Joe Hill songs

The Rebel’s Toast

first published in 1914 edition of IWW Little Red Songbook

If Freedom’s road seems rough and hard,
And strewn with rocks and thorns,
Then put your wooden shoes on, pard,
And you won’t hurt your corns.
To organize and teach, no doubt,
Is very good — that’s true,
But still we can’t succeed without
The Good Old Wooden Shoe.

Joe Hill songs

Scissor Bill (1913)

Tune: “Steamboat Bill” (Leighton Brothers) (1910)
First published in the 1913 edition of the IWW Little Red Songbook.

You may ramble ’round the country anywhere you will,
You’ll always run across that same old Scissor Bill.
He’s found upon the desert, he is on the hill,
He’s found in every mining camp and lumber mill.
He looks just like a human, he can eat and walk,
But you will find he isn’t, when he starts to talk.
He’ll say, “This is my country,” with an honest face,
While all the cops they chase him out of every place.

Scissor Bill, he’s a little dippy,
Scissor Bill, he has a funny face.
Scissor Bill, should drown in Mississippi,
He is the missing link that Darwin tried to trace.

And Scissor Bill he couldn’t live without the booze,
He sits around all day and spits tobacco juice.
He takes a deck of cards and tries to beat the Chink!
Yes, Bill would be a smart guy if he only could think.
And Scissor Bill he says: “This country must be freed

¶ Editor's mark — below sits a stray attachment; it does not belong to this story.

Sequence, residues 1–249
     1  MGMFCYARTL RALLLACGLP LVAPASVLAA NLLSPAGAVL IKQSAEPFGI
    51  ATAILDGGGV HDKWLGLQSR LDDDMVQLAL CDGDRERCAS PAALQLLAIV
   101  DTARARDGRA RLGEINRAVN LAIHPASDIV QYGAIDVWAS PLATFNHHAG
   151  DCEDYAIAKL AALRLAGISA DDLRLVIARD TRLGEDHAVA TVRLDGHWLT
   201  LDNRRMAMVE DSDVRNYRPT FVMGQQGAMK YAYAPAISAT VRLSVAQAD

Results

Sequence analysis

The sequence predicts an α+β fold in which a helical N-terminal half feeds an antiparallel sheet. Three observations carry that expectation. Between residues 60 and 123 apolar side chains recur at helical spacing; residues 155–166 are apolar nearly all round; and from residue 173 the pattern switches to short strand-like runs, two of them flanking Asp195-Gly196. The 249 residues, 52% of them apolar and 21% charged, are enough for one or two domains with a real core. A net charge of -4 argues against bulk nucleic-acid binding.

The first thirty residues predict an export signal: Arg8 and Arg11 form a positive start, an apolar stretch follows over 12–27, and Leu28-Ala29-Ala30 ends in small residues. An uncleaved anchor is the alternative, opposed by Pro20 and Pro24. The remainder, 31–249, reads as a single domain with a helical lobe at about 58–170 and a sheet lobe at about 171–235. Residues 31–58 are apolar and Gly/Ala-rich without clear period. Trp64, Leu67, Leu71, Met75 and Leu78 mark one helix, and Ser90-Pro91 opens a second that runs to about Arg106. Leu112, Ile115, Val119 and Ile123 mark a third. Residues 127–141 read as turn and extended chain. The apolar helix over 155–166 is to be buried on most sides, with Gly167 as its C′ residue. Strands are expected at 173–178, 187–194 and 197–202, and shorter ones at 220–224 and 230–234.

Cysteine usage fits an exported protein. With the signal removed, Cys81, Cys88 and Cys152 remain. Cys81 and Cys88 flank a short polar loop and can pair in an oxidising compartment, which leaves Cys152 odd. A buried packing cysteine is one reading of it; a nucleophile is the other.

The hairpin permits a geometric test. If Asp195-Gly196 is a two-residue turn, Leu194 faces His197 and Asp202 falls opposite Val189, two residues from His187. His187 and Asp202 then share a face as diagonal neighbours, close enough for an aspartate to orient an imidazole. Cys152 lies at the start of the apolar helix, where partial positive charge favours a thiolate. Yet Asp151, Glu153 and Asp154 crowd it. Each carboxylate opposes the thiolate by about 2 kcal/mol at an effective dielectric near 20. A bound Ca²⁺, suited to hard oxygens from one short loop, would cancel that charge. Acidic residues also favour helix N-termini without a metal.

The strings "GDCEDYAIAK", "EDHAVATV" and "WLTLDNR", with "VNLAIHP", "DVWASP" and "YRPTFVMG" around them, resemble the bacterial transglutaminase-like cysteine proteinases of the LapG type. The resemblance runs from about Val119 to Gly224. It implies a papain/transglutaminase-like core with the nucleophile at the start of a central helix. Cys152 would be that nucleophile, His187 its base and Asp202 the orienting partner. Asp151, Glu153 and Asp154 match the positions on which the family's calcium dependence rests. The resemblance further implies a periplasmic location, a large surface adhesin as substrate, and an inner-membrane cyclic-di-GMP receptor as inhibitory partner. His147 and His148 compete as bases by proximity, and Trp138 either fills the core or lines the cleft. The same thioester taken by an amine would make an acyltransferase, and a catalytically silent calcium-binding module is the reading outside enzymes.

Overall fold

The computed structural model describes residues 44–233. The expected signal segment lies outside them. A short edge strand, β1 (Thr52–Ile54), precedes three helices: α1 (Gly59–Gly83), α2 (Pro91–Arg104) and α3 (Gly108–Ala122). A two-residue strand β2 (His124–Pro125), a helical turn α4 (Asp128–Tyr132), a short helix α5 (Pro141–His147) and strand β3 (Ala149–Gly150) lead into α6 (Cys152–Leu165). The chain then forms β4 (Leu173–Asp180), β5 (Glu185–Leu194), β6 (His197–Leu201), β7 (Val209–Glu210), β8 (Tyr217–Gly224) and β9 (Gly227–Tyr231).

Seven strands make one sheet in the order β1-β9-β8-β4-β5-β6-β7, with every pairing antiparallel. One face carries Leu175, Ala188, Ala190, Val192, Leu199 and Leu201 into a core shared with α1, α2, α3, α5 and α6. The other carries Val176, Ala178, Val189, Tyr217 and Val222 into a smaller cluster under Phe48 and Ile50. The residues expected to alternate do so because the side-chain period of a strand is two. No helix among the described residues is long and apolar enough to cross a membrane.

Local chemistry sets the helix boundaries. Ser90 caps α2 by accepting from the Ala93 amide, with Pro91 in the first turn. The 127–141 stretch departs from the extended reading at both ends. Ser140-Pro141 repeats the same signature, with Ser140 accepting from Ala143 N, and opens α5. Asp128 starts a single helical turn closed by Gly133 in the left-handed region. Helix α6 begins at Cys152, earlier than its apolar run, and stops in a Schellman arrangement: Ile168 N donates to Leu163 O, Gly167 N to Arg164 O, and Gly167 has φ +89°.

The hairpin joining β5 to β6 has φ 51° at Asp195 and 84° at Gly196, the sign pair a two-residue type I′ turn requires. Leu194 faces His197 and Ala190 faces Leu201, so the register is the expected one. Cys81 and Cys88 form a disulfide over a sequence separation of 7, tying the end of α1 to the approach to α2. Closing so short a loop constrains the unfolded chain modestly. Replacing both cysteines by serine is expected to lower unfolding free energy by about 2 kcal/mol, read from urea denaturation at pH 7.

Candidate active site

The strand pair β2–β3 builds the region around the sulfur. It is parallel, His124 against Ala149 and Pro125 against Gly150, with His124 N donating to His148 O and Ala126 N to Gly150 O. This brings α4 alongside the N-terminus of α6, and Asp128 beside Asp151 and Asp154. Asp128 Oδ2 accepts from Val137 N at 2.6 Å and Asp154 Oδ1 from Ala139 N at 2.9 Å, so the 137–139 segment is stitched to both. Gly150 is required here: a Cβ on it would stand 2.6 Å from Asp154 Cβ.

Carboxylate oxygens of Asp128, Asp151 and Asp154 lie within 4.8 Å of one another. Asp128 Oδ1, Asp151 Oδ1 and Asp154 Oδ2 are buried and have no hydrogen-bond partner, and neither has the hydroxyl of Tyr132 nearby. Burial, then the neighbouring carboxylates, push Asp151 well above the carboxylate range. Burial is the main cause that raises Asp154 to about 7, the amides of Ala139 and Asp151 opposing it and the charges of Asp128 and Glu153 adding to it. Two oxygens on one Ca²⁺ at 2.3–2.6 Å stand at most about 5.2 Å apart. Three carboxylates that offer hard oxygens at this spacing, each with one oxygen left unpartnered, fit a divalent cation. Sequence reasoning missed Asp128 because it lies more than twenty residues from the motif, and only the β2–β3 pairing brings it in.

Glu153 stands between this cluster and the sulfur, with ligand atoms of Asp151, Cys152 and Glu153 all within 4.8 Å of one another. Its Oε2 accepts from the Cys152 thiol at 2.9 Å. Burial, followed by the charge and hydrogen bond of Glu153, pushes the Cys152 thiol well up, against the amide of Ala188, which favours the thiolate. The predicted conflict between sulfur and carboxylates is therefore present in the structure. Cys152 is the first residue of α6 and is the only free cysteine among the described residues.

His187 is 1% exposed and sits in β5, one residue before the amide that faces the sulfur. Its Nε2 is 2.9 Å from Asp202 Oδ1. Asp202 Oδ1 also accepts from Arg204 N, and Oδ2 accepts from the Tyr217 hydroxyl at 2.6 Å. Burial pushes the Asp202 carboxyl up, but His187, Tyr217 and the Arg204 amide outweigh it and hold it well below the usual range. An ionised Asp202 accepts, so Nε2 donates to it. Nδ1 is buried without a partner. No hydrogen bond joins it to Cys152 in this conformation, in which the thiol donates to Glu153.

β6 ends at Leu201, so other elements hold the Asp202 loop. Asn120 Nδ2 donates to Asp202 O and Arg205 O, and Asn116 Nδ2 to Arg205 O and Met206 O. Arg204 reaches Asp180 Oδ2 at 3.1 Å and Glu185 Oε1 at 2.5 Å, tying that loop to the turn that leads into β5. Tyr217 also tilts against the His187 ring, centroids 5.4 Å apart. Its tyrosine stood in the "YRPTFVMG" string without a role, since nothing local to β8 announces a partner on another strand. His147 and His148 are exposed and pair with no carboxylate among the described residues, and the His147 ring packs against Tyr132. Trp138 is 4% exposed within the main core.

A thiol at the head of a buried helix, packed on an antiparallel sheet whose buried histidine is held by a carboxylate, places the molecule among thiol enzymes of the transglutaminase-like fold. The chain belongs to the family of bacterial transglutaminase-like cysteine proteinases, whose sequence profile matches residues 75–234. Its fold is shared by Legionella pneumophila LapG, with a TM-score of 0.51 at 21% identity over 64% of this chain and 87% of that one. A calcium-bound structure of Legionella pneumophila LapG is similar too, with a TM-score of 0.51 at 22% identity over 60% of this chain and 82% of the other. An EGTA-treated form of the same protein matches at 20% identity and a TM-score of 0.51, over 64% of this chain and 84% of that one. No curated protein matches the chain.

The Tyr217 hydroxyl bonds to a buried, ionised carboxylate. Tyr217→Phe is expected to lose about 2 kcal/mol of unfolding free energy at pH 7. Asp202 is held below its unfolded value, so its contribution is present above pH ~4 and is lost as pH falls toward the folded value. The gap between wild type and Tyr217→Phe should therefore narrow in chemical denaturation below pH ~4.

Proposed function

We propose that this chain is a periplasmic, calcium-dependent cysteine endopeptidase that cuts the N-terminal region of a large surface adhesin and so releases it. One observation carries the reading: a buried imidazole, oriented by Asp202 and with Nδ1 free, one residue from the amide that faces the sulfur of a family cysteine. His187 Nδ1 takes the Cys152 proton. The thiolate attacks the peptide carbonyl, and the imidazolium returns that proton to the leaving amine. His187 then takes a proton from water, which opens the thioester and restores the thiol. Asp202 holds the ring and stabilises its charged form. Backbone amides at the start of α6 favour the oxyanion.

From Niggers, Japs and Dutchmen and the gol durn Swede.”
He says that every cop would be a native son
If it wasn’t for the Irishman, the sonna fur gun.

Scissor Bill, the “foreigners” is cussin’,
Scissor Bill, he says: “I hate a Coon”;
Scissor Bill, is down on everybody,
The Hottentots, the bushmen and the man in the moon.

Don’t try to talk your union dope to Scissor Bill,
He says he never organized and never will.
He always will be satisfied until he’s dead,
With coffee and a doughnut and a lousy old bed.
And Bill, he says he gets rewarded thousand fold,
When he gets up to Heaven on the streets of gold.
But I don’t care who knows it, and right here I’ll tell,
If Scissor Bill is goin’ to Heaven, I’ll go to Hell.

Scissor Bill, he wouldn’t join the union,
Scissor Bill, he says, “Not me, by Heck!”
Scissor Bill, gets his reward in Heaven,
Oh! sure. He’ll get it, but he’ll get it in the neck.

Sung by Bucky Halker and Mats Paulson. For sheet music and karaoke file click here.

Joe Hill songs

Ta-Ra-Ra Boom De-Ay (1914)

Tune: “Ta-Ra-Ra Boom De-Ay” (attributed to Henry Sayers) (1891)
First published in the March 1916 Joe Hill Memorial Edition of the IWW Little Red Songbook.

I had a job once threshing wheat, worked sixteen hours with hands and feet.
And when the moon was shining bright, they kept me working all the night.
One moonlight night, I hate to tell, I “accidentally” slipped and fell.
My pitchfork went right in between some cog wheels of that thresh-machine.

It made a noise that way.
And wheels and bolts and hay,
Went flying every way.
That stingy rube said, “Well!
A thousand gone to hell.”
But I did sleep that night,
I needed it all right.